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Concerns continue to mount over the spread of the B.1.617.2 variant, which was first identified in India.
Speaking at a Downing Street press conference on Friday, Johnson insisted "present evidence" does not suggest a need to delay the road map for unlocking. This will see restrictions further eased on Monday by allowing indoor mixing.
However, he added: “But I have to level with you that this new variant could pose a serious disruption to our progress and could make it more difficult to move to step four in June.”
The prime minister added that if the variant proves to be “significantly more transmissible” than other strains, “we’re likely to face some hard choices”.
Johnson also announced an acceleration of the vaccine programme due to concerns over the variant. It means second doses for the over-50s and clinically vulnerable will be given eight weeks after the first dose, rather than 12.
Watch: Remaining second doses for over-50s to be accelerated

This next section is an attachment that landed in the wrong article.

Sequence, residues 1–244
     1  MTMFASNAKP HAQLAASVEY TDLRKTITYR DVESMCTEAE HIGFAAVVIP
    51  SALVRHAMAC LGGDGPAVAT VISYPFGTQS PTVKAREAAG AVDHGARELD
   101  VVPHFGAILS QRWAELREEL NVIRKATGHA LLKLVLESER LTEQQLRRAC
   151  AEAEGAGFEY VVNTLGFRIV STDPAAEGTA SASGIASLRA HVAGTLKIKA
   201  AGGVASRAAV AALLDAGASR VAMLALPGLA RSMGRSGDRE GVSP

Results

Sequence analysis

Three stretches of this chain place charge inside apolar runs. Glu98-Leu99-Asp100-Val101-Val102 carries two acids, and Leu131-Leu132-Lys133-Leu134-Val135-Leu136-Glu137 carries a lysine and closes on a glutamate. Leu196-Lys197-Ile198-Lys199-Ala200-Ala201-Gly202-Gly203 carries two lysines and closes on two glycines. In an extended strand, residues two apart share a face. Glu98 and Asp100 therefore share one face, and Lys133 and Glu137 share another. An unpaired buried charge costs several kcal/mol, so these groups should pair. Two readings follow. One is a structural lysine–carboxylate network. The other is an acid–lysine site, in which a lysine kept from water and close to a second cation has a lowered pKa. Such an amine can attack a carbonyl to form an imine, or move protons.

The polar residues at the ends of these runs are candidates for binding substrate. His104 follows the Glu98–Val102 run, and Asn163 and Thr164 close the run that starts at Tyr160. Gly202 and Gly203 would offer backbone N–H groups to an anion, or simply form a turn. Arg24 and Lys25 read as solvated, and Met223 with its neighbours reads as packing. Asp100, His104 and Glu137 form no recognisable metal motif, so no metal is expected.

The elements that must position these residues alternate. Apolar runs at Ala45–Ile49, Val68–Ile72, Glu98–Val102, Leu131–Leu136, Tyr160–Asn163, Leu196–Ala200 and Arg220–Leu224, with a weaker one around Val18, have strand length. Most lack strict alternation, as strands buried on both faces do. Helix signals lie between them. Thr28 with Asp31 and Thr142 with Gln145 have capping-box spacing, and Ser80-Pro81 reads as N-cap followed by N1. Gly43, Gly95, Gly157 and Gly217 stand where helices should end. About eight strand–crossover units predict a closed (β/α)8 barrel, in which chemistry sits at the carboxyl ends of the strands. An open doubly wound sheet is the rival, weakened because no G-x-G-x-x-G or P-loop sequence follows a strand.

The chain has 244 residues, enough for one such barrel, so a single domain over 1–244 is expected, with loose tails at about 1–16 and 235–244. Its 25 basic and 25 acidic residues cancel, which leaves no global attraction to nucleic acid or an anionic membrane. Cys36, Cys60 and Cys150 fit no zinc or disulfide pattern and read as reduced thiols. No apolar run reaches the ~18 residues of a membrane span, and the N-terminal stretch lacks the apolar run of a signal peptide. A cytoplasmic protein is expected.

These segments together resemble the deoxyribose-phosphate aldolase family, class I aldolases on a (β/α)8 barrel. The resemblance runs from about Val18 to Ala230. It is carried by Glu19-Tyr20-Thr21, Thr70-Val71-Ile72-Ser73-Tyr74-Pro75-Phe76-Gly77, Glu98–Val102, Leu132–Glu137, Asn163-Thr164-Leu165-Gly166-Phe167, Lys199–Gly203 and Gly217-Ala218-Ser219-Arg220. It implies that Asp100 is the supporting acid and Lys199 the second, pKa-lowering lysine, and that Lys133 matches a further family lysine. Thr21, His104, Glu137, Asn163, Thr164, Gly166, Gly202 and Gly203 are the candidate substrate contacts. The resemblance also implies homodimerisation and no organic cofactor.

On Thursday, Johnson had admitted he is "anxious" about the variant and that he's "ruling nothing out", including local lockdowns.
The latest data show UK cases of the Indian variant have risen by 152% in the space of a week.
Figures from Public Health England (PHE) showed that as of Wednesday, there were 1,313 confirmed cases involving the B.1.617.2 variant. This was up 793 from 520 last week.
The variant is said to be as transmissible as the Kent variant which caused the massive spike of infections, hospital admissions and deaths in December and January – though at that point only a small number of people had been vaccinated.
There is currently no solid data about the impact the variant may have on vaccines, but England’s chief medical officer Prof Chris Whitty said on Monday: “At this point in time our view is it is less likely to be able to escape vaccination than some of the other variants, particularly the South African one."
Shortly before the Downing Street press conference on Friday, Nicola Sturgeon announced that following COVID outbreaks, Glasgow and Moray will remain under Level 3 restrictions in Scotland as the rest of the country sees rules eased to Level 2.
The first minister said initial research suggested the outbreak in Glasgow is possibly being driven by the Indian variant.
Initially, both areas will remain at Level 3 for a week, with a further decision made at the end of next week.
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